Advertisement

What are treatments for diastolic dysfunction?

Anthony L. Komaroff, MD
Internal Medicine
Diastolic dysfunction means that your heart is having trouble relaxing between beats. This limits the amount of blood the ventricles can collect for the next heartbeat. Since each contraction pumps less blood, the heart works harder to make up the shortfall.

While no treatment has yet been proven to prevent diastolic dysfunction from getting worse, several clinical trials are underway. In the meantime, your best bet is to make sure you have your blood pressure under control and pay attention to other cardiovascular risk factors such as weight, smoking, and diet. If you eat a lot of salty foods, cutting back on salt may help. Your doctor may recommend that you take certain medications, depending on your cardiac risk profile and any symptoms the diastolic dysfunction may be causing.
Harvard Medical School Heart Disease: A guide to preventing and treating coronary artery disease

More About this Book

Harvard Medical School Heart Disease: A guide to preventing and treating coronary artery disease

Most people who develop heart disease at least 8 in every 10 have one or more major risk factors that are within their power to change. These include lack of exercise, high blood pressure, and...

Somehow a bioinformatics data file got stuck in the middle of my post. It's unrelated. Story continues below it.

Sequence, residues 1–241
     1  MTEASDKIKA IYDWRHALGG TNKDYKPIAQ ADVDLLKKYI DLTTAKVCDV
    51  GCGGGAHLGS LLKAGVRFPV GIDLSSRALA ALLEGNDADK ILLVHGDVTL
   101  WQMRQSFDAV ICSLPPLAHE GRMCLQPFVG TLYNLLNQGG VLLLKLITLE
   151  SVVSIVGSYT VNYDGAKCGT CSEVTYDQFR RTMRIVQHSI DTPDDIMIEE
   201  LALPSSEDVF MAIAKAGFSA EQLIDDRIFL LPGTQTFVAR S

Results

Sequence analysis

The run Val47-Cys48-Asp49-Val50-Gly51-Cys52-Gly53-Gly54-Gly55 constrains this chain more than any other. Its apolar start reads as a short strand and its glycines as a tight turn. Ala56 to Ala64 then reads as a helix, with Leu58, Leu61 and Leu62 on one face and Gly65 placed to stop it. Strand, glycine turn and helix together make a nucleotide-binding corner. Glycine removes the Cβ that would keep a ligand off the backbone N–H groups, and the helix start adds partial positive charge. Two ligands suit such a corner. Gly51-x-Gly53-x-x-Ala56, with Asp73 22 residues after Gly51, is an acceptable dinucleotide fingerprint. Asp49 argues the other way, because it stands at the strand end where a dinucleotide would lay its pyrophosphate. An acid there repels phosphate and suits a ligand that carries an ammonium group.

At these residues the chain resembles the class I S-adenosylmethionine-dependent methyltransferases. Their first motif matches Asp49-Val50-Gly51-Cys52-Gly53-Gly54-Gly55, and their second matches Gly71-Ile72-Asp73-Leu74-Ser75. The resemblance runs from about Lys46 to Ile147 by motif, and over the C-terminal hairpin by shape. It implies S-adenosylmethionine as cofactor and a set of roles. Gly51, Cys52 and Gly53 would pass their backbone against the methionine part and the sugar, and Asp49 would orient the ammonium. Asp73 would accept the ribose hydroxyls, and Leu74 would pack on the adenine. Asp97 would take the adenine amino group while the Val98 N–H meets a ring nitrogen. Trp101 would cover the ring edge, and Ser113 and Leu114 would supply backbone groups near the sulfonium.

Continue Learning about Heart Failure Treatment

Which works better, diuretics or ultrafiltration?
Discovery HealthDiscovery Health
The randomized controlled trial involved 40 heart failure patients in Minneapolis and St.Paul, Minne...
More Answers
What medical procedures can help treat heart failure?
Intermountain HealthcareIntermountain Healthcare
Some people with heart failure benefit from surgical procedures or from procedures performed in ...
More Answers
What's an AICD?
Dr. Mehmet Oz, MDDr. Mehmet Oz, MD
If your heart is in fibrillation, it can take a big electrical current to shock the heart back to a ...
More Answers
What Are the Treatment Options for Heart Failure?
What Are the Treatment Options for Heart Failure?

Important: This content reflects information from various individuals and organizations and may offer alternative or opposing points of view. It should not be used for medical advice, diagnosis or treatment. As always, you should consult with your healthcare provider about your specific health needs.